We usually say prayers from the door of the room first. Because of the nature of this virus, the person that we’re being called to is almost always sedated or unconscious. But we announce ourselves anyway, because who knows if they can hear us or not? I tell them that I’m a priest and that I’m there to pray with them and to offer them the sacraments of the church. I ask them, if they can hear me, to express in their heart sorrow for any sins that they may have committed in this life and to trust in God’s mercy for them.
In a normal anointing, a priest would lay hands on the person’s head, put their thumb in oil, and anoint the forehead and the hands of the person. But because of the contagion and because they’re nervous about us getting too much exposure, we anoint the person’s feet with the Q-tip and say the prayers of anointing on their feet. That’s basically it—if the person were close to death, we might say some other prayers. Yesterday, I was visiting a nun, and I actually sang a chant that she would know.
I’ve found that the image of that glimmer of oil has really struck me. As Catholics, we believe that the sacraments really do something. It doesn’t matter if the person is conscious or unconscious. It doesn’t matter that they know I’m there. It doesn’t matter that anybody knows that I’m there. What matters is that that anointing took place. I actually find it in a way very beautiful that you’re performing this service that nobody knows about. I’m just this priest who has a mask and a face shield on; it could be me, it could be another priest—in a way it’s very beautiful that you’re just one priest amongst many. There is no individuality.
I’ve been a priest for 23 years, so I’ve been with people when they’ve died many times, and it’s always a great privilege to be with someone in that moment when they pass over from this life to the next. You realize you’re with them and talking to God, who we hope that they’re going to see momentarily face-to-face, and that is truly extraordinary. It’s always sorrowful to see somebody suffering, obviously, but it’s also a joy to be with them knowing that they received the sacraments. That’s the most we can hope for in our life, to die close to the Lord, and to be part of that is extraordinary grace. Every priest would want to be with somebody in that moment—it’s why you become a priest, to help people.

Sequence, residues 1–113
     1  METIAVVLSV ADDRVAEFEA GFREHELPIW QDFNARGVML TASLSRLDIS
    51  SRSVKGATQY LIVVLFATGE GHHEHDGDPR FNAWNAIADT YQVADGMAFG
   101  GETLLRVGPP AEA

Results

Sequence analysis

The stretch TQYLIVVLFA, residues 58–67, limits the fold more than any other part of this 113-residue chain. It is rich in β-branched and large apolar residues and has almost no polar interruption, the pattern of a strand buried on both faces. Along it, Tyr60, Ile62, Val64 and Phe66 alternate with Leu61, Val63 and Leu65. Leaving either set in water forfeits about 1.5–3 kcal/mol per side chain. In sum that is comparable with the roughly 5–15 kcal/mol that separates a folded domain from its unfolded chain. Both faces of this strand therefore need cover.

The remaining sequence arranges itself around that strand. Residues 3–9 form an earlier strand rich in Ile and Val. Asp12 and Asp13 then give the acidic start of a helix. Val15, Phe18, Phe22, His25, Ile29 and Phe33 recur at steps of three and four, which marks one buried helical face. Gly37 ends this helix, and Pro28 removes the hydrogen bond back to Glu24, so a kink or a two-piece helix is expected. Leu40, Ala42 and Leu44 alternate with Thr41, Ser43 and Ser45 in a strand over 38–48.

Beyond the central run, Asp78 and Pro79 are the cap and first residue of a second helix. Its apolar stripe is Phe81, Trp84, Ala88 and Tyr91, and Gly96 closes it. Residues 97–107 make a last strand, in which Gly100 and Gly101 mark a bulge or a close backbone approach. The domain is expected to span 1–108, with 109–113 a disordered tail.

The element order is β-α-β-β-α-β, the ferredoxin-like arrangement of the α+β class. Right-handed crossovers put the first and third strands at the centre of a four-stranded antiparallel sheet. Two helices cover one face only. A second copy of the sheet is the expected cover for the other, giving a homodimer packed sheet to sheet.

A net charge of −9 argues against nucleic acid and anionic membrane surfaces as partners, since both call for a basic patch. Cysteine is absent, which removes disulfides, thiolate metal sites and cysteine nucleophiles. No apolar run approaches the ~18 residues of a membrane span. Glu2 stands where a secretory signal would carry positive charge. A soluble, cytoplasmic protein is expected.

Normally, I’d say we’re averaging about three or four calls a day. But yesterday we anointed 34 people. And even as I’m talking now, I can hear the other guys getting ready to go out there. Later today, we’re going to a nursing home, and they have 11 people they want us to anoint. So it all depends on the day.
Yesterday, we were busy, so I washed the same clothes three times and took three showers. That part can get a little time-consuming.
If we’re not getting calls, I try to go for walks, maybe do a little reading. That’s pretty much it. The three of us here are living a pretty monastic existence—but so is everyone else right now.
Hopefully I’m young enough that if I contract the virus, it wouldn’t affect me too seriously. I pray for that. But I’d rather be doing something good than doing nothing at all. I think that’s true of most priests. They asked the priests who have medical conditions or who are over a certain age not to do this kind of ministry, but I think every priest wishes that he could be doing it.
We administer to the patients, but we also see the nurses, the doctors, the administrative staff, and the people cleaning. You can sometimes just see the fear in their eyes and their worry for their own families and their exhaustion. So I’m glad that we’re at least able to tell these people that we’re praying for them and praying for their families. In my experience, everyone has been grateful for that, even if they might not be particularly religious. And we’re very grateful to be in the midst of them and to bring comfort to them, because they’re doing the real heroic work. After all, they’re there for hours. We go in for 30 minutes.